Wednesday, 11 September 2013


I remember last March well. Every morning we turned up at the ID ward at University College Hospital (where the Hospital of Tropical Diseases in London keep their inpatients) to go through the "case of the day". Prof or the specialist registrar would go through the chronological order of the patient's story, and we asked questions in turn (always ask for travel history!), hoping to formulate some plausible and probable diagnoses as we go along. One of the old favourites would be travellers coming back with an eschar*. Again here we saw an old lady with an eschar just on her shoulder - she came in with a fever but otherwise not too unwell.

*a slough or piece of dead tissue that is cast off from the surface of the skin, particularly after a burn injury, but also seen in gangrene, ulcer, fungal infections, necrotizing spider bite wounds, and exposure to cutaneous anthrax

Usually in this case anthrax is not so likely; more often the eschar would have been caused by a tick bite, causing rickettsiosis (and then the disease will be rather confusingly named after the geographical location of where the tick was, see here)

In Asia, however, the rickettsiosis is caused by the intracellular parasite Orientia tsutsugamushi, a Gram-negative α-proteobacterium** of family Rickettsiaceae (so not exactly a rickettsia!). It is named after it was isolated in Japan in 1930 - The disease is thus called scrub typhus, as the mite (similar to tick, but smaller) lives in scrubs.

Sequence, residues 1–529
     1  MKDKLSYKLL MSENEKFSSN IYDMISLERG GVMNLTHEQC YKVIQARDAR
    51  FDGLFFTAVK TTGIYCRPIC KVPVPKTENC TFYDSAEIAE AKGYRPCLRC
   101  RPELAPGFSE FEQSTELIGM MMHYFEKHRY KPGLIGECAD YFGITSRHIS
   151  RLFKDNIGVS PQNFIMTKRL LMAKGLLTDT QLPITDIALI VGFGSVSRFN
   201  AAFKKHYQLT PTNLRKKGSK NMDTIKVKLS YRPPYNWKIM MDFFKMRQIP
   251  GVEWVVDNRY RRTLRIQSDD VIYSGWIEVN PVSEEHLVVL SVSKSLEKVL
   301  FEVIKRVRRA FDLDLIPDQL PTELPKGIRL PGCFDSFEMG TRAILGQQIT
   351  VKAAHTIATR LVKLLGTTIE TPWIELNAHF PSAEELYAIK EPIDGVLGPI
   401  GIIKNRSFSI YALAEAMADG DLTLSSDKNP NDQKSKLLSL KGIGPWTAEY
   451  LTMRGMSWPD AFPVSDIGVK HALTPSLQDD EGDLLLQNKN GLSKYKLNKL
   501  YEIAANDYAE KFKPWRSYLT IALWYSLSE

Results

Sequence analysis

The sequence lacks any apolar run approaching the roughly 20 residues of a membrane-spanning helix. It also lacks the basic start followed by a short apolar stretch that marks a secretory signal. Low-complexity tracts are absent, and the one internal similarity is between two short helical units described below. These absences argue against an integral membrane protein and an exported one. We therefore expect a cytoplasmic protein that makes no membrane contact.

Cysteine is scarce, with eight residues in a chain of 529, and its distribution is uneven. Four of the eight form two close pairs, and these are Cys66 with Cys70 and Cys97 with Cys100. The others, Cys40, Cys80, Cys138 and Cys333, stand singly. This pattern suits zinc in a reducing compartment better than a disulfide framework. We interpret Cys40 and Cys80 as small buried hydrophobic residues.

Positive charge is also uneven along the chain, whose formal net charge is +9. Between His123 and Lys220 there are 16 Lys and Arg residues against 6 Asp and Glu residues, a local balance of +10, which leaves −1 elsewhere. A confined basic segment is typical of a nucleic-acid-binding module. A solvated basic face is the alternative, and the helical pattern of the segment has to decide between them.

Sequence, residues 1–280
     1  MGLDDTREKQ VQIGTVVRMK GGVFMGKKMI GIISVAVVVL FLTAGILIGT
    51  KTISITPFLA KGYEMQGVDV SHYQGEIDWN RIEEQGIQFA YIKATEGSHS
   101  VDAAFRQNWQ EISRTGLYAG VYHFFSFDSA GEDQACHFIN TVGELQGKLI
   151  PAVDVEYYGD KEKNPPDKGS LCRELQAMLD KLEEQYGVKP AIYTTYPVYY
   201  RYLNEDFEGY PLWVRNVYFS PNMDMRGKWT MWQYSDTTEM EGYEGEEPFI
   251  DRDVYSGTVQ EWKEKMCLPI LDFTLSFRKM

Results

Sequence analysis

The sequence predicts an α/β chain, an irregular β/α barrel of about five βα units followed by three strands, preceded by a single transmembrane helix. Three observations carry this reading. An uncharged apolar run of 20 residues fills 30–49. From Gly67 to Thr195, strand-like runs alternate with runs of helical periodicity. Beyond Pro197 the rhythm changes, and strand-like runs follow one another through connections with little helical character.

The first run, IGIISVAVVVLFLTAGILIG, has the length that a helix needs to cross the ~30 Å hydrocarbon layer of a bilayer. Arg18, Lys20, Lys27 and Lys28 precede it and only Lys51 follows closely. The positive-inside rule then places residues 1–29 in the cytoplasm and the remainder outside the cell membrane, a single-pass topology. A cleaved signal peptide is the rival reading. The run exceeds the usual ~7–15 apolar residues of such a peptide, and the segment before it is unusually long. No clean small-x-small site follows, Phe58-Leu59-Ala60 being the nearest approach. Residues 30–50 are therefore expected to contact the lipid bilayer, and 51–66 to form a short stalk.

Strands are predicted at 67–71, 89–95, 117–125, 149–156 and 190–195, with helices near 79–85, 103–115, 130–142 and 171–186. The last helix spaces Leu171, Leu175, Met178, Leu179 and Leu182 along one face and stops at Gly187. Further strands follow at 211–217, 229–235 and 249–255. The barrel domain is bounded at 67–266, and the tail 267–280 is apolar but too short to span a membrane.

**Proteobacteria: In this group all are Gram negatives. The group contains many pathogens such as Escherichia, Salmonella, Vibrio and Helicobacter. Because of the great diversity of forms found in this group, the Proteobacteria are named after Proteus, a Greek god of the sea capable of assuming many different shapes

Below is the picture of the tsutsugamushi triangle where scrub typhus is endemic. The rule of thumb is: if you see an eschar on a patient in the triangle, think scrub typhus, give doxycycline for a week (as per most of the eschars). Typhus is a notifiable disease in the UK.

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